Given that the RNAi originally evolved as a primary antiviral defense in plants, it is not surprising that most studies have shown that RNAi is most effective at controlling viral pathogens. For example, across 75 studies, HIGS-based RNAi showed an average viral resistance of 90% (Gaffar and Koch, 2019; Koch and Wassenegger, 2021). Notably, similar efficacies were demonstrated when dsRNAs were applied exogenously (Table 1). Conclusive RNAi-based effects were reported in 2016 by Konakalla et al., who demonstrated that the exogenous application of dsRNA targeting the viral silencing suppressor p126 gene and the CP gene of TMV conferred virus resistance in tobacco (Table 1). The authors further showed systemic spreading of dsRNA from local to systemic tissues within an hour of dsRNA application using semi-quantitative RT-PCR (Konakalla et al., 2016). They found that p126 dsRNA levels continuously decreased in the local treated tissue, from 3 to 9 dpi, until dsRNA was no longer detectable. Another study supported these findings, showing that exogenously applied dsRNA derived from the HC-Pro and CP genes of ZYMV protects watermelon and cucumber against ZYMV and that it spread systemically over long distances in cucurbits (Kaldis et al., 2018). Further emphasizing the systemic spread of RNA biopesticides, the movement of sprayed dsRNA from barley leaves to stems and root tissues was demonstrated within 3 days after spray treatment (Biedenkopf et al., 2020). Systemic distribution is of key importance because it indicates that RNA biopesticides could be promising substitutes for systemic pesticides. Moreover, translocation from leaves (application sites) to roots suggests that foliar sprays may be able to target soil-borne infections, thus circumventing the need to develop soil-specific RNA treatments.
Interestingly, the induction of virus resistance by exogenous application had already been achieved 20 years ago (Tenllado and Díaz-Ruíz, 2001). However, “exogenous” does not necessarily imply a spray application. Thus, we must distinguish between different application strategies, as most of them work on a lab scale but are unsuitable and unpracticable for field applications (Table 1).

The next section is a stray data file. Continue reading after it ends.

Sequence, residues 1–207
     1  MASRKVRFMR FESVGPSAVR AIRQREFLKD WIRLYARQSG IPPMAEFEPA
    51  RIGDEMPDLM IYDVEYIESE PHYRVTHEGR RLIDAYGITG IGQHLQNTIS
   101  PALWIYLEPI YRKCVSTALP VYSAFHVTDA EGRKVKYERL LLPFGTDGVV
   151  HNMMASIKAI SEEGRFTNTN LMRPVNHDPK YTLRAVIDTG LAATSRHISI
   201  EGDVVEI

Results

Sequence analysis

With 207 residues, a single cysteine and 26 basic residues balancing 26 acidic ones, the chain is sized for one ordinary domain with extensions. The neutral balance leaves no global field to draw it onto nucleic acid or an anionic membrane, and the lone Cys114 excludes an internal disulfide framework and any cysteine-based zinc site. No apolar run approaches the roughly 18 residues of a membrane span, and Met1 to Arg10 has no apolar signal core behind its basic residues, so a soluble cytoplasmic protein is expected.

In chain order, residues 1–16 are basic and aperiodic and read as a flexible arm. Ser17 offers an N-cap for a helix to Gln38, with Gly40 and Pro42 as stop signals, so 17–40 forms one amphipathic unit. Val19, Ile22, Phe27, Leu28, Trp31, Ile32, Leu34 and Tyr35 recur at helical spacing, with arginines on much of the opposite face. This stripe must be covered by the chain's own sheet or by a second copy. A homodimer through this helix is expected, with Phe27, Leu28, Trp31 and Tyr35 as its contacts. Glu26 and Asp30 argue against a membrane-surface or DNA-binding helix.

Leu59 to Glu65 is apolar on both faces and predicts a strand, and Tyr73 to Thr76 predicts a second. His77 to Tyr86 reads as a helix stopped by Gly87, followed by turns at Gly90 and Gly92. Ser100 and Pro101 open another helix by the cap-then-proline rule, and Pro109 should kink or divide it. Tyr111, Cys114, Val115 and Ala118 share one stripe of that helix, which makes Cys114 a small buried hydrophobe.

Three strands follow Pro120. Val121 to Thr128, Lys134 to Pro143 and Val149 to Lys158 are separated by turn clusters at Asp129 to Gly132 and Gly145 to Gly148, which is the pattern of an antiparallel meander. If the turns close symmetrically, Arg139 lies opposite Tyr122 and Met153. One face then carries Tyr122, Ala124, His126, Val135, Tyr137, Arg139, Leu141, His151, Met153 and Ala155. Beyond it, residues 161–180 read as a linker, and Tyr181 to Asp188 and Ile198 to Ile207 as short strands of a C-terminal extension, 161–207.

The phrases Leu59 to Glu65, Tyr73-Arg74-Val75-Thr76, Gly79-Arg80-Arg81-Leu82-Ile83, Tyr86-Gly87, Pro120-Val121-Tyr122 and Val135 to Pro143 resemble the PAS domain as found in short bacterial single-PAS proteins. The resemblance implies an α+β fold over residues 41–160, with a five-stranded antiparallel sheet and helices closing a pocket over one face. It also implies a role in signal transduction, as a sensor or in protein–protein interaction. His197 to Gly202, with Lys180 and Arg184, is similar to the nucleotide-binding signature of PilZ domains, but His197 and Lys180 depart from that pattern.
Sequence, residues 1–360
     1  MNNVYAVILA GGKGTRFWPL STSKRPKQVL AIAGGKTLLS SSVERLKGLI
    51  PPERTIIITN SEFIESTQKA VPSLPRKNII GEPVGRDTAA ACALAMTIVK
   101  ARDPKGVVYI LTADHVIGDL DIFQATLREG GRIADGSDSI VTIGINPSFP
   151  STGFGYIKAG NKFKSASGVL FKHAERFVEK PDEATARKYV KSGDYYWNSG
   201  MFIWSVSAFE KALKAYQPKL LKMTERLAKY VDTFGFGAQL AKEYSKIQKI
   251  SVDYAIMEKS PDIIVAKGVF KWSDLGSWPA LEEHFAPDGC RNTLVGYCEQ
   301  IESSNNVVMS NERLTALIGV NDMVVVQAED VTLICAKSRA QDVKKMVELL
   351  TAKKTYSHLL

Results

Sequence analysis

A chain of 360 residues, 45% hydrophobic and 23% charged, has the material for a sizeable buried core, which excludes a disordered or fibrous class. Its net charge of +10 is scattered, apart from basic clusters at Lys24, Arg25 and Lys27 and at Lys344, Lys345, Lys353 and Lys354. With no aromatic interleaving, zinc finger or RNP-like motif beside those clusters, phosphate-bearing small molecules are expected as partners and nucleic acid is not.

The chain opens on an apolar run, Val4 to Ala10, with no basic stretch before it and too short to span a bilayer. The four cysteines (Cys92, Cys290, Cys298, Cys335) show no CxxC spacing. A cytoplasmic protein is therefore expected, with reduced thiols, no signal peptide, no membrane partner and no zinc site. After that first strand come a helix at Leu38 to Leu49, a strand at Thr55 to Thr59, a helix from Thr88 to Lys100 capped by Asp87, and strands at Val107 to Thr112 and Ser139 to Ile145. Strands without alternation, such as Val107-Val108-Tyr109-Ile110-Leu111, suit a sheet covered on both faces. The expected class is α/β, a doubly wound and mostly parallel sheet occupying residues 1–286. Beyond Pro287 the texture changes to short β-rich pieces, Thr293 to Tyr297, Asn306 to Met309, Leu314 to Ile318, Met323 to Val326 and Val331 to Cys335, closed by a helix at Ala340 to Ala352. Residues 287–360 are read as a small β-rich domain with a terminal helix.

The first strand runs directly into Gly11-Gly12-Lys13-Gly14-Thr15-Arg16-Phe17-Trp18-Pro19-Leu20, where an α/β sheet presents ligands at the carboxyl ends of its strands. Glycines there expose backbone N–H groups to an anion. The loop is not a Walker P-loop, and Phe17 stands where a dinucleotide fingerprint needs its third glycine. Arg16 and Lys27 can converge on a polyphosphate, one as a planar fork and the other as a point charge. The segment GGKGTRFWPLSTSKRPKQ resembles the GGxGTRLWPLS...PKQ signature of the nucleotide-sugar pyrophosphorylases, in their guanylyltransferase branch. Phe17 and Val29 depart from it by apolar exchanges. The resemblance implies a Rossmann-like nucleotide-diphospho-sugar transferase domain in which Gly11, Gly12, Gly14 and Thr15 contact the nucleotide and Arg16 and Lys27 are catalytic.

As already indicated, numerous exogenous application strategies rely on preparatory treatments, such as the mechanical inoculation of leaves, to guarantee efficient dsRNA uptake (Table 1). The rubbing or dusting of leaf surfaces with Carborundum (silicon carbide) as an abrasive is widely used as a pretreatment (Tenllado and Díaz-Ruíz, 2001; Tenllado et al., 2003; Yin et al., 2009; Konakalla et al., 2016; Necira et al., 2021). Given the unsuitability of such pretreatments on the field scale, subsequent research, inspired by human RNAi therapeutics where nanotechnology is unavoidable, has attempted to formulate dsRNA for efficient and targeted RNA delivery. Such formulations can help to increase cellular uptake, improve stability (and thus overcome environmental degradation by UV radiation or surface wash-off) and provide long-term protection against the targeted pathogen. Toward this, the first breakthrough was achieved by Mitter et al. (2017) by using positively charged layered double hydroxide (LDH) clay nanosheets as a dsRNA carrier (BioClay). This technology was originally developed for the delivery of siRNA therapeutics to mammalian cells (Ladewig et al., 2009, 2010). The authors found that loading dsRNA on LDH prolonged durability on the leaf surface for 30 days and increased stability through protection from nuclease degradation (Mitter et al., 2017). Moreover, they showed the uptake of dsRNA into plant cells and induction of endogenous RNA silencing, which mediated systemic protection against the targeted VSR 2b gene of CMV on cowpea and tobacco. In field BioClay allows sustained release of dsRNA on the leaf surface under ambient conditions (Ram Reddy et al., 2006; Xu et al., 2006; Reddy et al., 2008; Mitter et al., 2017). Notably, this study proved that the LDH nanocarrier can be completely degraded over time, thus resulting in a slow and sustained release of dsRNA under environmental conditions (Mitter et al., 2017). After this pioneering work on the biodegradability of clay-based nanomaterials, dsRNA-BioClay has been used to target the bean common mosaic virus (BCMV) to protect N. benthamiana and Vigna unguiculata (Worrall et al., 2019).